Illustration: Rebecca Zisser/Axios

Transportation and energy upgrades are expected to be the big drivers of smart city spending over the next decade.

Why it matters: Global spending on smart city projects will reach nearly $124 billion this year, an 18% increase over 2019, according to IDC, a market research firm.

The big picture: Singapore, Tokyo, New York and London are expected to be the biggest spenders (~$1 billion each) on smart city projects this year.

  • While about a third of global investment has come from the biggest cities, IDC expects small and mid-sized cities to continue to spend on smaller-scale initiatives (~$1 million or less).

Transportation: Research firm Kantar predicts that greener modes of transportation will represent nearly half of all trips taken in cities in 2030. Globally, cycling will increase by 18%, walking by 15% and public transit use will increase by 6%.

  • Micromobility options are currently getting the most attention as e-scooters and e-bikes show up on sidewalks. This month, Lime committed to using 100% emission-free vehicles by 2030.
  • Electric vehicles are expected to make up half of new car sales by 2040, per BloombergNEF, and McKinsey predicts that about $50 billion in investment in charging stations will be needed through 2030, Bloomberg reports.

Energy: Utilities are central to making cities more efficient — a key component of what makes a city "smart."

Be smart: Intelligent grids and transportation systems need ubiquitous connectivity to respond to demand and monitor traffic flows.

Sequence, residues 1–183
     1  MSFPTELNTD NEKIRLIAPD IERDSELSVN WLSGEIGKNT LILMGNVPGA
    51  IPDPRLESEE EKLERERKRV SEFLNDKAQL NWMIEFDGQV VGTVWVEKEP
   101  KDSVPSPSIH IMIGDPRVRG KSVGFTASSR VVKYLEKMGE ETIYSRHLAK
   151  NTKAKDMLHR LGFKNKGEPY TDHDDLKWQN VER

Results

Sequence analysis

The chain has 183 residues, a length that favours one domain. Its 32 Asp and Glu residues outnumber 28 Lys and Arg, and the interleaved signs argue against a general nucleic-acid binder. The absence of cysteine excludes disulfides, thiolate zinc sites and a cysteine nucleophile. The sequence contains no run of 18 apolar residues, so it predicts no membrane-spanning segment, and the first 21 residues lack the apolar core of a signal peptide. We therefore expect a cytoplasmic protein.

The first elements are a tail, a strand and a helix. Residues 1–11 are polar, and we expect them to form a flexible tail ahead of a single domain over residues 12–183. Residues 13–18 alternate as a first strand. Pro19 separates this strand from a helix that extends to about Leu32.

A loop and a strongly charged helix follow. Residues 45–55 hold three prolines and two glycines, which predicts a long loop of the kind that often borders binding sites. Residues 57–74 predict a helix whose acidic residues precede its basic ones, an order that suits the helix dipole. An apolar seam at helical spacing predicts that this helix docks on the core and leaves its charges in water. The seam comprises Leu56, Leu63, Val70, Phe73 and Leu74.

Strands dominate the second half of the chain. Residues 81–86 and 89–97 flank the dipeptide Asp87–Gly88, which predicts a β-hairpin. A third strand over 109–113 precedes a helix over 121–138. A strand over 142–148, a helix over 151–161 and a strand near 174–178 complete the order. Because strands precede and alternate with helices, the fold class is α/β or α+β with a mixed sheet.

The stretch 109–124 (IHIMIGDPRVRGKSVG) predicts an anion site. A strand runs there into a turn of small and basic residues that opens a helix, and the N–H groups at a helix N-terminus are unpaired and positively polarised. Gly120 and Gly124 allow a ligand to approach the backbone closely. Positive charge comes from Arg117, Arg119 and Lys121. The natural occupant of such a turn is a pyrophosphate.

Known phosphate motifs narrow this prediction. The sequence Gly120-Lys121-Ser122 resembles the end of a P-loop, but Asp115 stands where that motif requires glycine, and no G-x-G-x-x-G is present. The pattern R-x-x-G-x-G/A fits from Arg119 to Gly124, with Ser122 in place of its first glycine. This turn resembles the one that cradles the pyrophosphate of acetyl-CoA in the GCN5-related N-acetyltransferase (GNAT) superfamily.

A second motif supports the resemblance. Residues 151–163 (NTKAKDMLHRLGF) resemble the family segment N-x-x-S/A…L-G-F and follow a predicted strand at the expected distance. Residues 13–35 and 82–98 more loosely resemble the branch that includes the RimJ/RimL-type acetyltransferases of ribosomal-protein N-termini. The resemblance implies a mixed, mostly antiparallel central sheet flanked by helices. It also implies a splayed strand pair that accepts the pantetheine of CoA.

• Right now, 4G connectivity can power the technologies being piloted, but 5G networks will help increase the capacity and efficiency of smart city projects as more come online.
  • The 5G market is expected to be around $700 billion by 2030, per market research firm IDTechEx, powered by mobile services, fixed wireless services and Internet of Things applications.

What to watch: Cities hosting Olympic games — such as Tokyo this year and Los Angeles in 2028 — are investing heavily in infrastructure to accommodate the deluge of visitors, and will be see as test-beds for what works.

Go deeper:

  • Cities transportation ideas remain too small to deliver clear results (Axios)
  • 10 cities are predicted to be megacities by 2030 (World Economic Forum)

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Illustration: Aïda Amer/Axios

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